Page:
The interpreter would wait for you to close the parentheses and use the ... to denote an unfinished block of code. You are be able to add the closing parenthesis and have the code run correctly.

When encountering an error, it’s also important to pay attention to two pieces of information when you get an error: the location of the error, and the error message.

The location of the error consists of a file, line number, and position in that line. In a Jupyter notebook, the file is "<ipython-input-...>" (which is the format for cells in a Jupyter noteook) and in the Python interpreter, the file is "<stdin>". In a regular .py file, this would be the name of the file itself. The line number tells you where in the file the error occurred, and the caret (^) shows you where in the line the error occurred. It’s worth noting that the caret will point to the spot where Python first detects that there must be a syntax error, not necessarily to the location that needs to be fixed. Take a look at this example:

x = (1,
y = 5

If you ran this in a Jupyter notebook, you would get the following output:

  File "<ipython-input-1-a60693365e48>", line 2
    y = 5
SyntaxError: invalid syntax

Notice that it isn’t until = that the Python interpreter knows this must be a syntax error - for all it knows, y could have been defined and part of a larger expression.

The error message can sometimes give you a helpful clue as to what has gone wrong. In the first example above, you should have gotten the error message “unexpected EOF while parsing” (EOF stands for end of file). This message tells you that as the Python interpreter was scanning to find the end of the tuple, a collection of several pieces of data you will learn about later.

However, sometimes the error message is less helpful: in the second example above, you should have only gotten the message “invalid syntax”, which provides almost no additional information. As a helpful tip, the message “invalid syntax” almost always means that you forgot to close a paired delimiter (i.e., you left out a ), ], or }) or that you left out a colon (:) at the end of a statement starting with if, for, while, etc.

Finally, note that in addition to SyntaxError, there is another type of syntax error you may encounter: IndentationError. You have probably noticed that when you start an if or similar statement, end it with a colon, and press Enter, the next line will be indented by 4 spaces. (The actual number of spaces does not matter, as long as you are consistent.) An IndentationError indicates that a line of code is indented in an unexpected amount (too few or too many spaces).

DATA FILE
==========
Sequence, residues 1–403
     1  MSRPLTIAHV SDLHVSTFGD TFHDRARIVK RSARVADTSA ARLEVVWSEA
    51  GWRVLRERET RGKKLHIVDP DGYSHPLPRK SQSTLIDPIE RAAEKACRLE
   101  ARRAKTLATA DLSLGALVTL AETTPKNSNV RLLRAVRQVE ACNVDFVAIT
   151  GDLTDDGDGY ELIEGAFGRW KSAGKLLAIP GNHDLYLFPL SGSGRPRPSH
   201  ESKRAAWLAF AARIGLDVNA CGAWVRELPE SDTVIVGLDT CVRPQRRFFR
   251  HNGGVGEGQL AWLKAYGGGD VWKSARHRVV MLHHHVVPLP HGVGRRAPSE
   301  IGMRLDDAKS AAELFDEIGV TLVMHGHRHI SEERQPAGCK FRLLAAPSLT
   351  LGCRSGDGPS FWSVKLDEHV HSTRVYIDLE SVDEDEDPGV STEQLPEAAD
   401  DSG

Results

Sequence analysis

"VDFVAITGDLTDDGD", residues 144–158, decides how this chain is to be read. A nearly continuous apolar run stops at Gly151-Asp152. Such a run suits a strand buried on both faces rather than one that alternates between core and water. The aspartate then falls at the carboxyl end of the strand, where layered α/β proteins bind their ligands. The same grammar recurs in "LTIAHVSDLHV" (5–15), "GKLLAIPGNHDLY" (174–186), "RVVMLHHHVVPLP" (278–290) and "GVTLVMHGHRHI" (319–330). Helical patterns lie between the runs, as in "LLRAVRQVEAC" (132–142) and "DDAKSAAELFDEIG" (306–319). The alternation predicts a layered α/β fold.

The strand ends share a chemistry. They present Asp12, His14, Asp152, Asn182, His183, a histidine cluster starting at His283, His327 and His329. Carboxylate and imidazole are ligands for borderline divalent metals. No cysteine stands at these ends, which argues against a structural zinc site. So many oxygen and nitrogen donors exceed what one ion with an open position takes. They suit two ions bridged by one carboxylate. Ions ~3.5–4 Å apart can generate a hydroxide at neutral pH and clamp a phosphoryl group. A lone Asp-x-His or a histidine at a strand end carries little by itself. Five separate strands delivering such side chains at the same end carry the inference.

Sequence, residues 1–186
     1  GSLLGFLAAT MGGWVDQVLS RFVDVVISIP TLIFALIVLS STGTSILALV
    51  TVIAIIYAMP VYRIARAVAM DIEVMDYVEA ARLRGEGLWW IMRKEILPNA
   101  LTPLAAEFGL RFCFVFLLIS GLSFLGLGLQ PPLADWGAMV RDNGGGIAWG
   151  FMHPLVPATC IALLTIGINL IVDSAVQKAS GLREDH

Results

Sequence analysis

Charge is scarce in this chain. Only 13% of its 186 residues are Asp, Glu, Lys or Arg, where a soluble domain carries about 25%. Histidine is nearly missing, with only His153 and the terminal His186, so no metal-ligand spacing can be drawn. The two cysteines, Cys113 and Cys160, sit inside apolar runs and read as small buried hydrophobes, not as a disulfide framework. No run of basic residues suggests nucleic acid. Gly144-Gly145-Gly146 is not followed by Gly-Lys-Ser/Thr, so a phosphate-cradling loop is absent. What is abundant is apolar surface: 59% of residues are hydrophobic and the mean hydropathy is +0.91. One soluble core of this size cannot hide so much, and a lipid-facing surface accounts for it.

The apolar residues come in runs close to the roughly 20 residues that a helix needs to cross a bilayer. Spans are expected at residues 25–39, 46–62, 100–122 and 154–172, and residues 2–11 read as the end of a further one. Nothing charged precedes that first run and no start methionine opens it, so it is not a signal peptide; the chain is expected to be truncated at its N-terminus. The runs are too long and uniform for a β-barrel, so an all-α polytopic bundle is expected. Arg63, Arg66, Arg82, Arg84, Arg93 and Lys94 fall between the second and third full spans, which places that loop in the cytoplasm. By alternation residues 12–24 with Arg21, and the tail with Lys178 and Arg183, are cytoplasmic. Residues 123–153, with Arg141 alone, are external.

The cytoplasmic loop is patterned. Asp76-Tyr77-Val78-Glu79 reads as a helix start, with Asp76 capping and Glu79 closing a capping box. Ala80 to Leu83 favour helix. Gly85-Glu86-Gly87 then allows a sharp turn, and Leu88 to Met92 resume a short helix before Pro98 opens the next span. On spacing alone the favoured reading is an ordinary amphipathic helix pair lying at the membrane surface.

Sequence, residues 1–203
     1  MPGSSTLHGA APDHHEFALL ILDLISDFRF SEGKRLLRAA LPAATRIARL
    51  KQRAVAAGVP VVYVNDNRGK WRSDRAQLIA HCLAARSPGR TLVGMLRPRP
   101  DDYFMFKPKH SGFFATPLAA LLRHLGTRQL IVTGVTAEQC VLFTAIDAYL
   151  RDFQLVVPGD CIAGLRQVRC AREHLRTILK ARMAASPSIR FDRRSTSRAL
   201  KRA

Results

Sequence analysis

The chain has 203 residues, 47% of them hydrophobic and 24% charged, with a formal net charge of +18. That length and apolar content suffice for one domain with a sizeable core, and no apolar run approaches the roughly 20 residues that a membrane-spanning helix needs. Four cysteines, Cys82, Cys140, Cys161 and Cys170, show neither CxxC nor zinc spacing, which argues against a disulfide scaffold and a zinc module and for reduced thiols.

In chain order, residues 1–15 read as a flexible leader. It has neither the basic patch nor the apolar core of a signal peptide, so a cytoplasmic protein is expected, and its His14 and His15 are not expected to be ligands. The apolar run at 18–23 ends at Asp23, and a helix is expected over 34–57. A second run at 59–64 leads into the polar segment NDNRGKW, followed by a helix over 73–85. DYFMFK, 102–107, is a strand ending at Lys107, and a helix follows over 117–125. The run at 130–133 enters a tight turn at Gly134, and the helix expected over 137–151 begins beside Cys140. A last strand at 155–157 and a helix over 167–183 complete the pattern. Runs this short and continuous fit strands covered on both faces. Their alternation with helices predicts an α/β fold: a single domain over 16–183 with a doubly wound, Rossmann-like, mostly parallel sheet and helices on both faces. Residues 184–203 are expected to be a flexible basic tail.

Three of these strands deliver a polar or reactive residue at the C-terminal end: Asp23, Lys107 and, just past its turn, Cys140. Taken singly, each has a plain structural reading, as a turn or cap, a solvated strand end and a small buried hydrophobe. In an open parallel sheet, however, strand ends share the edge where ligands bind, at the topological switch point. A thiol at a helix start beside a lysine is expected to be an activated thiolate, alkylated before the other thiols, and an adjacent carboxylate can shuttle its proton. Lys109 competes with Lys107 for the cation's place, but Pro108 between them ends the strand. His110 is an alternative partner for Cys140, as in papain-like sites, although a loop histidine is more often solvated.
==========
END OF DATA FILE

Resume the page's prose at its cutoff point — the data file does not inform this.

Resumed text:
Exceptions #

Runtime errors or exceptions are errors that occur while code is running. Most non-syntax errors that cause the code to stop running will fall into this category.

Exceptions in Python can happen for a large possible number of reasons. When you encounter an exception, the most helpful step is usually to read the error message to understand exactly what happened. That being said, the most common errors you will see at this point are likely NameError (the variable or function that you are trying to use has not been defined yet) or TypeError (you mistakenly tried to do something like add an int to a string).

You can find a complete list of built-in exceptions here. You do not have to be familiar with all of these, but it is helpful to look up exceptions as you run into them and familiarize yourself with what specifically these exceptions mean.

If you encounter an exception, there are a number of things you can check that may help you find the bug:

  • Make sure you didn’t make a typo. If you get a NameError for a name you thought you defined, it is likely that you either deleted that name, or misspelled its name.
  • Check your types. Getting a TypeError means you are trying to call a function or operation on the wrong data type. You are either calling a function on the wrong variable, or mistakenly assigned the wrong data to a variable. Having good and clear variable names helps avoid potential confusion. Checking the places you are assigning to the variable can help track down the errant line of code.
  • Make sure you have updated your code correctly. For example, if at various points you strip out the first 4 characters of a string like foo[4:] and use this in multiple places, make sure that whenever you change this in one place, you change it in others as well. Better yet, define a function or variable for things like this so that you only have to change it in one place.

Semantic Errors #

Perhaps the trickiest type of bug to find in code are semantic errors. You will write code that has perfectly correct syntax, but still does not have the intended result. This is a semantic error, a bug where your code is not doing what you think it is.

For example, let’s say you’re making a video game. The program runs fine, but for some reason your character is not showing up on screen. You look at the game’s draw routine, and you notice your character’s sprite is being drawn before the background. Thus, the background is not actually in the back! It has become the foreground placed in front of everything.

Here’s an simple example of some code with a semantic error:

def square(number):
    Return the square of a given number.

        number: An int representing a number to compute the square of.

        An int representing N squared.
    return number * 2.

If you typed this function into the Python interpreter, you would see the following results:

>>> square(2)
>>> square(3)
6.0  # Uh oh

You may notice the line above says number * 2. rather than number ** 2, which results in the incorrect behavior. A more subtle error is the return type. The function docstring specifies taking an int as an argument and returning an int; however, it’s returning a float, indicated by the decimal point. This is due it using 2. instead of 2, a subtle difference.

Semantic errors become harder to track down as you write larger and more complicated programs. Fortunately, there are many powerful tools you can use to chase down these errors. You will learn about several of these later in this course.